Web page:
Neil deGrasse Tyson warns: Get ready for 'the new normal' -- more ferocious storms and hotter droughts
Neil deGrasse Tyson appears on 'Larry King Now' on June 15, 2015. [Ora.Tv]

Astrophysicist Neil deGrasse Tyson told Larry King on Monday that he had no easy answers for dealing with California's water shortage, but advised Americans to prepare for "more extremes of weather," fueled by global warming.

"When it rains, it's gonna rain heavier," he said. "When it's not gonna rain, it's gonna rain less than it ever didn't rain before. That's kind of the new normal we're gonna have to grow accustomed to. And all evidence points to the fact that it is human-caused influence."

"Cold weather will get colder, warm weather will get warmer, wet weather will get wetter?" King asked.

"Yeah, yeah," the Star Talk host replied. "What happens is, as the temperature rises, more moisture from the ocean gets lifted into the atmosphere. And generally, when we think of weather, we think of storms and things. When you have a storm, there's more moisture to feed that storm. There's more heating to drive the convective cells. And so the storm gets more ferocious."

However, deGrasse Tyson also expressed skepticism over plans by SpaceX founder Elon Musk and other business mavens to pursue privately-funded expeditions to Mars, while also giving credit to the private sector for pushing forward in that arena.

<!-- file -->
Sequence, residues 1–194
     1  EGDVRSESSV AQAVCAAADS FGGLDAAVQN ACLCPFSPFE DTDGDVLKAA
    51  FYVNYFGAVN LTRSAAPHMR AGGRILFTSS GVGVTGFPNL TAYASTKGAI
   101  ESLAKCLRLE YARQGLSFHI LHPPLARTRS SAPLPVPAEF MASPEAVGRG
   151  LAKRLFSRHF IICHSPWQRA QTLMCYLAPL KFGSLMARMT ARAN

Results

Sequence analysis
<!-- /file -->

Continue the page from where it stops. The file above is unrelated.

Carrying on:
"I can tell you that the first people to do really expensive things -- where there's dangers and people could die and there's no known return on investment -- those are not business people," he told King. "Those are governments. The first Europeans in the New World were not the Dutch East India Trading Company. It was Columbus, funded by Spain. Then he draws the maps."

If he were to ask venture capitalists for money to a mission to Mars without spelling out the return on investment, deGrasse Tyson argued, he would be in for a short meeting.

"Somebody's gotta go in there with a long view -- the longer-than-the-quarterly-report view," he explained. "Once the patents are awarded and you've established what's dangerous and what's safe, then you make the business case."

Watch the interview, as aired on Ora.TV on Monday, below.